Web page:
Complying with new rules is the chief concern for buy-side firms ahead of wide-sweeping regulatory change in the US and Europe, according to new research.
Some 85% of investment managers declared that regulatory change programmes will be a top priority next year, with 75% claiming uncertainty over the new rules is causing strain on operational risk processes.
The figures, from UK-headquartered investment consultancy Investit, show the growing unease impending regulation in the US under the Dodd-Frank Act and in Europe with MiFID II and EMIR has caused institutional investors.
The Investit study also showed that 57% of investment management firms lacked enough staff to support the operational risk function, while only 14% were actively hiring for such positions. A total of 22 investment management firms took part in the Investit study, which was released this week.
The results suggest further challenges lie ahead for buy-side firms as they prepare to revamp execution and clearing processes in line with new regulation and create new agreements with central counterparties (CCP) for settlement and custody, with over-the-counter (OTC) derivatives due to be cleared through CCPs in both Europe and the US next year.
Another study, from trading solutions provider Eze Castle Integration, has shown hedge funds and alternative investment firms will increasingly turn to new technology to deal with compliance with new regulation.
The Eze survey, which heard from 320 respondents, found new rules demanding further transparency - including those required by Dodd-Frank implementation - will play a crucial role for firms’ choice of trading system.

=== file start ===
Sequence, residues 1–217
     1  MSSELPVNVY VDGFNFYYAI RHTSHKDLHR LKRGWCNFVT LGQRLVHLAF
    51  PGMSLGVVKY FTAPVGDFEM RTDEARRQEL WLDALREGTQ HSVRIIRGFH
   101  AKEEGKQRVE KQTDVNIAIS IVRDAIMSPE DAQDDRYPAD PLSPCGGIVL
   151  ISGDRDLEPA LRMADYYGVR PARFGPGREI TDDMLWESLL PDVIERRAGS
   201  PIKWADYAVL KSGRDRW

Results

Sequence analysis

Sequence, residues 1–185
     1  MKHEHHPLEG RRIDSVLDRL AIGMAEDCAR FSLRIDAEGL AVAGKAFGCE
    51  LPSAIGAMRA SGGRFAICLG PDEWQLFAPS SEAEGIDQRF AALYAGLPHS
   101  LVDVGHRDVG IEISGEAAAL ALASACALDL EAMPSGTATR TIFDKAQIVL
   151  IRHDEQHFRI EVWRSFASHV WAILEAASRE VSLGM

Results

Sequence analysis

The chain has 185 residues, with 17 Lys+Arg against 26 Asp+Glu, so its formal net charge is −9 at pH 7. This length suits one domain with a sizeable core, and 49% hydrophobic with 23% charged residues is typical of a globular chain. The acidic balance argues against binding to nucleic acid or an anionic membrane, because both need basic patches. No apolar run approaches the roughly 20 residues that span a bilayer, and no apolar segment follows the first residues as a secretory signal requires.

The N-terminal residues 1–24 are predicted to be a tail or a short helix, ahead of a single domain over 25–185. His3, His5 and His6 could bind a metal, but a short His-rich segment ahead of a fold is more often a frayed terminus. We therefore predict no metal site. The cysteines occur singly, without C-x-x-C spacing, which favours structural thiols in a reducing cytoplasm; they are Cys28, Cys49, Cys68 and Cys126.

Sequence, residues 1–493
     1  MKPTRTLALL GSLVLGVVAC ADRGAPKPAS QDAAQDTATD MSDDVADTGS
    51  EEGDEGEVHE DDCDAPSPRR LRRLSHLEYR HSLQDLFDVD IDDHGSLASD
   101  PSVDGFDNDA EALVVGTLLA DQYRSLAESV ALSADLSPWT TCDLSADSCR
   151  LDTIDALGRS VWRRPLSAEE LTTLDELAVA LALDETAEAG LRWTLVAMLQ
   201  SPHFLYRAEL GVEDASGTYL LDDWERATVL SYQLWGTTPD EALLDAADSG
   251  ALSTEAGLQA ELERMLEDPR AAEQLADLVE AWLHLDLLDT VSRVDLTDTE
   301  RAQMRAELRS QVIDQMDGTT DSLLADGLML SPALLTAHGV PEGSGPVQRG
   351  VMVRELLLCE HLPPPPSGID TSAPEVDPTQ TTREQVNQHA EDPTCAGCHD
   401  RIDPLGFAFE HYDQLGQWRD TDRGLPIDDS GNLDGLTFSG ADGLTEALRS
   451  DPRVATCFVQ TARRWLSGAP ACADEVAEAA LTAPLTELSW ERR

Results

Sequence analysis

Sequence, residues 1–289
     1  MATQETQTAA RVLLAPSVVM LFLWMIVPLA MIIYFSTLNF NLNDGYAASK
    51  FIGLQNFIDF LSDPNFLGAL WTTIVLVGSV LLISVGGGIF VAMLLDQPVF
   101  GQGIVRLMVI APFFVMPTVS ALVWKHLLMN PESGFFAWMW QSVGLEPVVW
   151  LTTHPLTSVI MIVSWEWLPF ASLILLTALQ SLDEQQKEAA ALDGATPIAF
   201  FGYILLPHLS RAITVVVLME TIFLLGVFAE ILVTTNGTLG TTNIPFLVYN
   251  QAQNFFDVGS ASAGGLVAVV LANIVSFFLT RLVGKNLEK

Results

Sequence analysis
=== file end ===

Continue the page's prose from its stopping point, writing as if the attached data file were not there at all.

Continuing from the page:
In the US, the Dodd-Frank Act will force buy-side firms to make major changes to execution, reporting and clearing processes for OTC derivatives, with some firms claiming compliance will bring a US$1 million price tag per instrument.
Clearing costs in particular are set to rise, with both Dodd-Frank and MiFID II rules forcing OTC derivatives to be centrally cleared. This will force buy-side firms to manage collateral much more carefully to limit the predicted rise in costs.
The new rules under the Dodd-Frank Act will apply largely to derivatives trading, as the opacity of the derivatives market was seen as a major factor in the 2008 financial crisis. The new rules on derivatives trading will be enforced by both the Commodity Futures Trading Commission and the Securities and Exchange Commission, with rules coming into force next year.
In Europe, the EMIR regulation will push OTC derivatives through clearing houses and is due to come into effect at the start of 2013, while MiFID II is due to come into force in 2014.